“I knew that they had humble beginnings. I didn’t understand the extent of how hard it was, how difficult it was to survive,” Uche told ABC Audio.

Ral echoed his brother’s sentiment. “We went where they grew up and I saw that they lived in a one-bedroom apartment with four 6-foot-plus boys,” he said. “It just made me extremely grateful for what I have.”

There was much for them to be grateful for, especially the opportunity for the brothers to act alongside each other, telling a story about brotherhood and family.

“These guys, they all root for each other, they are happy for each other and all push each other. And I think it’s the same for Ral and I,” Uche said.

He added, “We both want to see each other improve and get better. I definitely think that’s something that we all have in common.”

Rise had its Greek premiere this week, which was held at the Sepolia Basketball Court in Athens. The Antetokounmpo family and the Agada brothers were all in attendance.

Disney is the parent company of ABC News.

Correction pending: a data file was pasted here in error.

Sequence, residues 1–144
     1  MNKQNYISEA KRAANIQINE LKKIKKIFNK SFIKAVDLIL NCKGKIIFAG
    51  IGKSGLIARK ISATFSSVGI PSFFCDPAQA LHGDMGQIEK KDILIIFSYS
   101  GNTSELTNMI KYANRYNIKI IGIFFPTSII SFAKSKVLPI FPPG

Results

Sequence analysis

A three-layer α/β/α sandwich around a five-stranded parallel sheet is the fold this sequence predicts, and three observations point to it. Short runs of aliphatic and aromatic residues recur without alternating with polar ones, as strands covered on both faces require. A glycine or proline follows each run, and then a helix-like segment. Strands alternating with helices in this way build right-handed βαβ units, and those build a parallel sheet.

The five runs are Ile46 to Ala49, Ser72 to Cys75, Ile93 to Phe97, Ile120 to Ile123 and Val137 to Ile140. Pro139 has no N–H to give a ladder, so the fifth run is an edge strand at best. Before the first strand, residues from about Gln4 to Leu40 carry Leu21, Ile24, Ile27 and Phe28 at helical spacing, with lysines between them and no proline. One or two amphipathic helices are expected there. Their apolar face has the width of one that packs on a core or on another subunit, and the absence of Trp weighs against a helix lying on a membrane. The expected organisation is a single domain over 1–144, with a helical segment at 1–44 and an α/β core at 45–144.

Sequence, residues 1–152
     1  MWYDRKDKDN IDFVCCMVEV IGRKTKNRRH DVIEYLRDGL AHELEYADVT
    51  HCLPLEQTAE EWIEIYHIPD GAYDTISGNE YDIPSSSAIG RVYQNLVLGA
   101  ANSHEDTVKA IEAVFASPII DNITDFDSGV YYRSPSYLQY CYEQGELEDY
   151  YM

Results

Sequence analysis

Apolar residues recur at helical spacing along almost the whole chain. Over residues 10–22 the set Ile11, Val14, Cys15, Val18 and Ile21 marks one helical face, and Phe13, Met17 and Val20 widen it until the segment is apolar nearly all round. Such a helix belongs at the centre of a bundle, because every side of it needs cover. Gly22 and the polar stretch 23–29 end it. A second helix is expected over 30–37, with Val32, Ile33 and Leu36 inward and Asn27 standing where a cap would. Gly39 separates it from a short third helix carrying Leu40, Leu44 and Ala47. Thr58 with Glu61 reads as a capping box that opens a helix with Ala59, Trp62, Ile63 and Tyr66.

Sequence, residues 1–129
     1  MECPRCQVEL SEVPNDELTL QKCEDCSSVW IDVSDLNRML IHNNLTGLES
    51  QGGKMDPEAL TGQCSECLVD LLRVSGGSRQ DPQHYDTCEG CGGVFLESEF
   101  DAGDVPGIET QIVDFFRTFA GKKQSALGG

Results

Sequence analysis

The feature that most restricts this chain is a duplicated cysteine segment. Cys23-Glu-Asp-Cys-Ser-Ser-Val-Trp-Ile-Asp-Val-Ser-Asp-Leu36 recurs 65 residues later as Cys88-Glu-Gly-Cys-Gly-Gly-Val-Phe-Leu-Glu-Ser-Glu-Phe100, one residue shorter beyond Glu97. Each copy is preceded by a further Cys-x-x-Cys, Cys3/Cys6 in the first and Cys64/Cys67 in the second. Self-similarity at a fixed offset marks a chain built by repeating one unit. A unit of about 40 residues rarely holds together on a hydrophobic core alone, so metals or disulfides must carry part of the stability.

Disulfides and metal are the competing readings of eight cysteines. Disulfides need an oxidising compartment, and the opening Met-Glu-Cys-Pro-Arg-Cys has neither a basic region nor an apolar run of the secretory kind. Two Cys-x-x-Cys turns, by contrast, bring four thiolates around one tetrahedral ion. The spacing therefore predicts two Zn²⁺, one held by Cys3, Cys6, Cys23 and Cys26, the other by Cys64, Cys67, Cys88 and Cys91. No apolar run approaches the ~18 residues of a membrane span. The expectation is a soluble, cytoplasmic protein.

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‘Downton Abbey’’s Lady Mary warns fans may shed a tear at the “emotional” new film

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Downton is back! The new film Downton Abbey: A New Era is in theaters now, and actress Michelle Dockery – who has been with the series since season one – warns that fans may shed a tear or two.

“It’s very emotional,” she tells ABC Audio. “I feel like you could cry laughing as well, there’s lots of emotions in this film.”

Those emotions made Dockery work hard to stay in character as Lady Mary, who is known for her snide observations and cold demeanor. “The challenge is sometimes holding it back as Michelle and trying to stay like Lady Mary … a bit more stoic, and not blubber.”

A New Era is the sequel to 2019’s smash hit Downton Abbey, which saw the beloved Crawley family all follow one singular plot of welcoming the king and queen of England into their estate. In this film, the cast gets split into two – with half journeying to a home in the south of France, and the others holding down the fort while a film crew shoots at Downton.

“Downton has always been visually very cinematic, even in the TV show. So that transition from the small screen to the big screen really worked the first time around. And the second time it feels like it’s on an even bigger scale,” Dockery says.

Lady Mary is part of the group who stays at Downton, and Dockery acknowledges the plot’s meta, self-referential nature: “There’s something about the movie within the movie, and France. It adds an even more extravagant layer.”

The actress hopes its extravagance will entice fans, maybe even those who haven’t yet returned to movie theaters, to go out and see the film. “It’s an event, isn’t it? Downton always feels like a bit of an event,” she says.